What you can do: Include low-fat dairy products, fatty fishes, nuts, and olive oil in your diet. If you eat meat, make sure the cuts are lean, and remove the skin from your poultry.

Myth 12: A small heart attack is no big deal.

“A small heart attack isn’t a big deal in terms of how well your heart can function. It may even pass unnoticed. But it’s a huge warning sign that you have serious heart disease, and your next heart attack may kill you

What you can do: Minimize your risk of heart attack by keeping your weight, cholesterol, and blood pressure in a normal range, not smoking, and seeing your doctor regularly to make sure no risk factors are elevated.

Myth 13: Angioplasty and stenting can “fix” your heart.

Angioplasty and stenting can do wonders for relieving chest pain (angina) and improving quality of life. But they don’t stop the underlying disease—atherosclerosis. Without correcting the problems that contribute to atherosclerosis, arteries will continue to become clogged with fatty plaque, which may mean the return of angina or worse—a heart attack or stroke.

What you can do: After undergoing angioplasty or bypass surgery, it’s important to correct the problems that led to the need for the procedure, such as high cholesterol or blood pressure, a poor diet, smoking, or lack of exercise.

MYTH 14: Bypass surgery is very painful and takes long to recover

With the present day medications, technology and anesthesia, bypass surgery has really become almost painless. In few selected patients, a special pain catheter is inserted in their back which makes the surgery totally painless. Most of the patients are on their foot on day 1 after surgery and are out of hospital in 7 days time. Most of the patients can go back and join work within a month’s time. If bypass is done through a small key-hole cut, patient can even join back work in 2 weeks time.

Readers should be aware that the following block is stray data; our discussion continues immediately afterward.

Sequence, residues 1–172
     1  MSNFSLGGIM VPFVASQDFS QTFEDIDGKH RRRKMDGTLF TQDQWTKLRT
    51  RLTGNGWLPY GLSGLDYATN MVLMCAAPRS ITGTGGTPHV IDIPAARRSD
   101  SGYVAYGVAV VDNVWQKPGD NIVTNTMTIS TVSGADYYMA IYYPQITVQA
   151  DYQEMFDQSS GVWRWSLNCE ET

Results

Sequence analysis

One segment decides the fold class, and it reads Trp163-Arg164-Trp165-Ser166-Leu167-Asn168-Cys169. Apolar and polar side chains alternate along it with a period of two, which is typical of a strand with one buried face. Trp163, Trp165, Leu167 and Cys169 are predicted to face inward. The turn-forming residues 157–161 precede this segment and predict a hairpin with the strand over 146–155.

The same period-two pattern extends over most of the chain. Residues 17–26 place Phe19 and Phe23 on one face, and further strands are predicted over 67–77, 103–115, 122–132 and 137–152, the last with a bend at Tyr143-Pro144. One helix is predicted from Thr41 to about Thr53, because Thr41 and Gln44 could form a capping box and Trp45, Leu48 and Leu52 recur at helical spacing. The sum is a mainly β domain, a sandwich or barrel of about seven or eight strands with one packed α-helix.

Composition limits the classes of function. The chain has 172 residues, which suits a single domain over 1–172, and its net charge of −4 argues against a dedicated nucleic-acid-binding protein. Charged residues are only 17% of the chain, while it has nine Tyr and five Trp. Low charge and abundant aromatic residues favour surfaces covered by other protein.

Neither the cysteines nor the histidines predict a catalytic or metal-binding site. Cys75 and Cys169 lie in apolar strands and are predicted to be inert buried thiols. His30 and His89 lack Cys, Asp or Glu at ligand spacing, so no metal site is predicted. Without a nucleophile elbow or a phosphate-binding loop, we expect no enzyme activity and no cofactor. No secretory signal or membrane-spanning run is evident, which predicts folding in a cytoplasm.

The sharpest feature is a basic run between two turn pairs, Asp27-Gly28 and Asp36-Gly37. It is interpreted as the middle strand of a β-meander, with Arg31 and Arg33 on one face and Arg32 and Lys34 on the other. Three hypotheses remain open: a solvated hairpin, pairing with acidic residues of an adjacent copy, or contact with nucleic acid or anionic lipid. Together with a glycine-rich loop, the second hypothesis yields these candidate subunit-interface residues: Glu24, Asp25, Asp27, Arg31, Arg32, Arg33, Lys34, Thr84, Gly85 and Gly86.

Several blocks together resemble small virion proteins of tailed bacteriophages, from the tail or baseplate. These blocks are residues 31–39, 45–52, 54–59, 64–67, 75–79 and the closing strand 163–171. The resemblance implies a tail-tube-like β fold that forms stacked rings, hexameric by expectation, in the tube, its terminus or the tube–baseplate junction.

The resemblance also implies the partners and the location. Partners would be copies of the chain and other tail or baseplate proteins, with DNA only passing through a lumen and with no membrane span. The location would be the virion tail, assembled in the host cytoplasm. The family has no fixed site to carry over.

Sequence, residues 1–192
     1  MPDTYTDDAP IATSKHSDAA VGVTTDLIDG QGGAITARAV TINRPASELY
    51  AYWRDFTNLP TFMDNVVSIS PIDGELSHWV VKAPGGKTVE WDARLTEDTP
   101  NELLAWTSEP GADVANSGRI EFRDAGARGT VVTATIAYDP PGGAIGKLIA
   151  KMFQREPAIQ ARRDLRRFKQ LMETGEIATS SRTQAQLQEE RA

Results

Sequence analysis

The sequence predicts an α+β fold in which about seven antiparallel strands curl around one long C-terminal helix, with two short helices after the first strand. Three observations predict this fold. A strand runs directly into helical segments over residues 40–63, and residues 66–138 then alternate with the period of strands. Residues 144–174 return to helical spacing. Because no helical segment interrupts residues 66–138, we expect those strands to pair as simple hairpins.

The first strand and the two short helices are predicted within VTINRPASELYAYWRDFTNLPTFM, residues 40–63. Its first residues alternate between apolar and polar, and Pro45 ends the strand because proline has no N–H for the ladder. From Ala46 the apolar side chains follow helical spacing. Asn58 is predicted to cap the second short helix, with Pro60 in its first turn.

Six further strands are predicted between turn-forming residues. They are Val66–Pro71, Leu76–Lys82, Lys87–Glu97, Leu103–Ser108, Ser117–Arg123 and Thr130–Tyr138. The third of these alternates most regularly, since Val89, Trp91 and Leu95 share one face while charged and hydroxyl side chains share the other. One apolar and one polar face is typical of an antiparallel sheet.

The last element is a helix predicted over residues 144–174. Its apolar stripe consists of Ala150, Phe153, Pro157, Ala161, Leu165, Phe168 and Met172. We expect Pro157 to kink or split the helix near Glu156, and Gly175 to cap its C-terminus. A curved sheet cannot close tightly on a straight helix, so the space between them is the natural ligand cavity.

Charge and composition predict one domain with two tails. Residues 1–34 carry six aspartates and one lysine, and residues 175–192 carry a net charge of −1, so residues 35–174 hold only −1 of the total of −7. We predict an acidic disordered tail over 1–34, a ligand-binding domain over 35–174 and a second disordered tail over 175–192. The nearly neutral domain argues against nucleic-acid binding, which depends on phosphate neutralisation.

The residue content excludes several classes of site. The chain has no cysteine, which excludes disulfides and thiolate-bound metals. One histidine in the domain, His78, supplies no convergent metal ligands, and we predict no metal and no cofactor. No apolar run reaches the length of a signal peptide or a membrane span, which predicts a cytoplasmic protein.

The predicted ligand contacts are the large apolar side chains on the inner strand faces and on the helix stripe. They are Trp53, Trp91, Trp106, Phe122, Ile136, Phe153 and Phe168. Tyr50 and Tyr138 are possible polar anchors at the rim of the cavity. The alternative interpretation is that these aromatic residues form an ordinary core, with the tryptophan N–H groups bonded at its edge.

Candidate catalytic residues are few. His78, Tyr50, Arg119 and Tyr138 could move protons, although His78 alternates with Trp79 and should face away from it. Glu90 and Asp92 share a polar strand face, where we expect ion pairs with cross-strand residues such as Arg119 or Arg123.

MYTH 15: Bypass surgery is very risky in Diabetic patients

Patients with blocked arteries also have diabetes. You will be surprised to know that bypass surgery is the most preferred therapy for diabetic patients. In all the scientific data, its very well established that bypass surgery gives a very long lasting result up to 25 years in diabetes patients. Bypass surgery is also much more superior over stenting or angioplasty.

MYTH 16: Bypass surgery operation fails after some time

With good lifestyle control, regular medications, a present day bypass operation usually lasts for at least 15 to 20 years. Some of the patients even celebrated their golden jubilee following bypass operation. In diabetic patients, however the disease process may progress faster and for this reason a very good diabetic control is mandatory.

MYTH 17: Exercise is restricted after bypass operation

Usual patients can perform all types of passive limb exercises after a month’s time. Passive yoga is very helpful for all types of bypass surgery patients. However, active treadmill should be avoided for at least 3 months after a bypass operation and to consult the surgeon or the cardiologist before starting treadmill exercise.